In 1968, CNES, the young French Space Agency proposed the European Space Research Organization (ESRO) to Europeanize its space meteorology. This was the beginning of the Meteosat program. Meteosat was the European meteorological program in GEO (Geostationary Orbit) that was initiated in 1972 by ESRO (European Space Research Organization).
Upon the approval of the projecr in 1972, Meteosat-1 program was funded by eight member states of ESRO (Belgium, Denmark, France, Italy, Germany, the United Kingdom, Sweden, and Switzerland). Meteosat-1 launched on November 23, 1977, became the first European meteorological geosynchronous satellite.
While the work on Meteosat-1 was being carried out, European Space Agency (ESA), ESRO’s successor established in 1975, conceived an idea of Ariane Passenger PayLoad Experiment (APPLE) in the same year. It was based on a free launch opportunity on the Ariane launch vehicle that was under development by ESA in parallel.
Among seventy-two proposals sent to ESA, the Indian proposal was approved in 1976. It was also because ISRO was collaborating in the development of liquid propulsion engine Viking for Ariane launchers. Although this was not in the plan for ISRO, yet it proved to be a leap of faith for them.
APPLE was to be designed and built as a sandwich passenger-carrying Meteosat on the top and Capsule Ariane Technologique below. ISRO was working assiduously to make this project a success. Engineers were working during the night at the Indian Institute of Science (Bangalore), Indian Institute of Technology – Madras (Madras, now Chennai), and Tata Institute of Fundamental Research in Bombay (now Mumbai). Hardware was realized with the help of Hindustan Aeronautics Limited, Electronics Corporation of India Limited, and Bharat Electronics. It was becoming a task to set up a testing facility and mission control center. It went through though at Sriharikota. In Ahmedabad, the Space Application Center was trying to build the payload and antenna testing facility. Despite several difficulties that were faced by India the standards were met with accuracy.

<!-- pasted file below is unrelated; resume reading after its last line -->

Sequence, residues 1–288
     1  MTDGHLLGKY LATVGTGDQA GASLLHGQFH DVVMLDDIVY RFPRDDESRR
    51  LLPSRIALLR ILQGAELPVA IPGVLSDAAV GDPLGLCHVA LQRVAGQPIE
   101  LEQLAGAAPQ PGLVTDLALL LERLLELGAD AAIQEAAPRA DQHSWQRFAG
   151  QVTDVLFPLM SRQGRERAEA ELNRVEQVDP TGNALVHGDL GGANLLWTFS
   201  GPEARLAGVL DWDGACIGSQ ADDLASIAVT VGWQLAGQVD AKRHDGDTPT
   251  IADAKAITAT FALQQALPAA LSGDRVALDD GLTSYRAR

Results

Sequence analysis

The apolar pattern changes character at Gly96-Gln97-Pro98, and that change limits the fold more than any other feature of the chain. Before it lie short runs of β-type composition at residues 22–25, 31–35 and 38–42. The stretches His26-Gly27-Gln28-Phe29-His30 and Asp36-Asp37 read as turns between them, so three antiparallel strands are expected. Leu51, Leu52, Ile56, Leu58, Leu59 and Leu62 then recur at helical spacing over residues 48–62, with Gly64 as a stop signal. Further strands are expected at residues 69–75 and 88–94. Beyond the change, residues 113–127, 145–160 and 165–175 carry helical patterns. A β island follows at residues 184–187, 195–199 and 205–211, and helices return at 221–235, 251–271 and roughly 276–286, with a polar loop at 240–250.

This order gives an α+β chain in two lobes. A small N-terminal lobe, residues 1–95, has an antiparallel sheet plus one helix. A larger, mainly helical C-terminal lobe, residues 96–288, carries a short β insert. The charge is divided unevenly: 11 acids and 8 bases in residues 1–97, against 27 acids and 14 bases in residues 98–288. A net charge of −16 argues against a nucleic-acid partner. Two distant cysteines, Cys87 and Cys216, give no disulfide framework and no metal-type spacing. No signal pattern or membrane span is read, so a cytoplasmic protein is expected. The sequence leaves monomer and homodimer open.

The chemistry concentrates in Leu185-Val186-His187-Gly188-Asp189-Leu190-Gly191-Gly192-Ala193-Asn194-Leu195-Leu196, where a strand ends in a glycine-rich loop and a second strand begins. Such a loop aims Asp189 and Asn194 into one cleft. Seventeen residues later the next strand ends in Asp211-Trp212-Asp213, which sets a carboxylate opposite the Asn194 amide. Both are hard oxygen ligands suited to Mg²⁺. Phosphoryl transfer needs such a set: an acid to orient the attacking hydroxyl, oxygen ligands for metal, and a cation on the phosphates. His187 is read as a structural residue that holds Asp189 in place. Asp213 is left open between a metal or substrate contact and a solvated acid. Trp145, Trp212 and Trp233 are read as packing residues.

ISRO wanted to gain experience in designing, manufacturing, and testing a tri-axially stabilized communication satellite. There were about two and a half thousand people involved. It included engineers, scientists, technicians, and administrators. It is noteworthy that the average age of the team was 27 years and the project director Vasagam was 37 years old at the time.
Once manufactured in India, the solid apogee motors were sent to France, and were moved to Kourou late. Indian-made hydrazine, to be used for in-space spacecraft propulsion, was sent to Kourou by ship. R M Vasagam, the project director for APPLE remembers, “Air India had been our carrier but at a critical moment we were facing the difficulty of getting the chartered aircraft to come to Toulouse to carry the spacecraft to Kourou owing to violation of Lome Convention of 1975. Kourou being French overseas territory, we had to engage Air France!” The budget was a concern but it turned out to be cheaper.
He wrote, “The successful functioning of the transponder was tested using a live dance program signal sent to and received from the satellite. The time delay for nearly 80000 km (to and fro distance to satellite) is about 270 milliseconds. APPLE transponder also transmitted Rabindranath Tagore’s dance drama Chitrangada. While characterizing the end-to-end performance of the APPLE communication link, it was our way of blending the best of the East and West!” APPLE became a symbol of change; it succeeded in touching people’s lives.
Launched on 19 June 1981, then Prime Minister Mrs. Indira Gandhi dedicated the satellite to the nation on 13 August 1981 calling APPLE the dawn of India’s satellite communication era. Satish Dhawan was at Space Application Centre where he introduced the team to the PM through a two-way video conference. Mrs. Gandhi was present at the New Delhi station. Her Independence Day address on 15 August 1981 was carried live by APPLE.